When I was 19 years old, I was a chaperone for 50 inner city high schoolers from Des Moines on a cultural trip to Minneapolis. It was a long drive. Most of them slept through the Shakespearean play. We stayed at a hotel. As the other female chaperone and I patrolled the halls after curfew, we smelled something funny. My partner recognized it as marijuana.
I knocked on the door from which the odor emanated. No answer. I knocked again, identifying who we were, and that they had better open up, RIGHT NOW. Still no answer. I pounded on the door, telling the occupants through the closed door that they had better stop what they were doing or the hotel would kick us all out in the middle of the night, to say nothing about getting arrested. It was late. Not a peep of a response. I didn’t feel like packing up and getting 50 sleepy kids back on a bus to another state. So we went to bed.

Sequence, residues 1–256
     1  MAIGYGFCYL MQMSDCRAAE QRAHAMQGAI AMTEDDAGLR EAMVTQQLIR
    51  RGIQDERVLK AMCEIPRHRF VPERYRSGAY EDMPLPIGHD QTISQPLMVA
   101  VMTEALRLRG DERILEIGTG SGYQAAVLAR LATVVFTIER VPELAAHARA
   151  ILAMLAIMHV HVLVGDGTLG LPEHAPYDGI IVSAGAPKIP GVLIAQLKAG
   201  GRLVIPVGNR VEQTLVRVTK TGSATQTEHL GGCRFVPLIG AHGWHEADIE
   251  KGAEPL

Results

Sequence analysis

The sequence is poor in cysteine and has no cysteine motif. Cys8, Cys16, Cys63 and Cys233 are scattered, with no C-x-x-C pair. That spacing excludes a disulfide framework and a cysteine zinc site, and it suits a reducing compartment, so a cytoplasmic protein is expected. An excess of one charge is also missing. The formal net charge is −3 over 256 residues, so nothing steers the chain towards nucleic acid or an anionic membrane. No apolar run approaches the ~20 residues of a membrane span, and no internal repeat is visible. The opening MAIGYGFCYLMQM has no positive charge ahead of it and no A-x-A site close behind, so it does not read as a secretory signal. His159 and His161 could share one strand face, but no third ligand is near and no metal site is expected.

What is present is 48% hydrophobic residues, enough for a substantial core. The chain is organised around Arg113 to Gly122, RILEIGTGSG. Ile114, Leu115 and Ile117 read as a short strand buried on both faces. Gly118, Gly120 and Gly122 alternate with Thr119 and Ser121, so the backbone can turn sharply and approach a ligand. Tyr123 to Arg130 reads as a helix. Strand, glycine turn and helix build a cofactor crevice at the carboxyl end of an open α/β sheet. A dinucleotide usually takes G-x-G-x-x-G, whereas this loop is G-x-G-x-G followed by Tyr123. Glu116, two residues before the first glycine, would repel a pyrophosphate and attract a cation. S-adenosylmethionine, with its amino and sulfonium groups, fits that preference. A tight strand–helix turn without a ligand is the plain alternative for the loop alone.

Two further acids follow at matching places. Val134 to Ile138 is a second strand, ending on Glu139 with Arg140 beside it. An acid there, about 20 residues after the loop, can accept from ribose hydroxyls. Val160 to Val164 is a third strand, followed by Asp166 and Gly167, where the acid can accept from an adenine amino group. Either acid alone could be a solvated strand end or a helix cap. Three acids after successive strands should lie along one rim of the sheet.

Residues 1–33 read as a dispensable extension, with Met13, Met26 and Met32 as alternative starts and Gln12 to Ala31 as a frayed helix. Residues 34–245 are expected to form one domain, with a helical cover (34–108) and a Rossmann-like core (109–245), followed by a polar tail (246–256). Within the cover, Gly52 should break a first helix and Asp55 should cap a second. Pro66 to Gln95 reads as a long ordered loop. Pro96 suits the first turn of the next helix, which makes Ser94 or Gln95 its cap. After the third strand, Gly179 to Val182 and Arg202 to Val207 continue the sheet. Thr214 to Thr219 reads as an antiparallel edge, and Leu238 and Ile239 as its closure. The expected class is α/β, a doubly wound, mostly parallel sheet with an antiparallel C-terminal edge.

In the morning, I checked the roster of rooms where our people stayed. I was going to really chew those girls out for being so stupid. It was then that I discovered the room I pounded on in the night was not one of the rooms on our list of kids.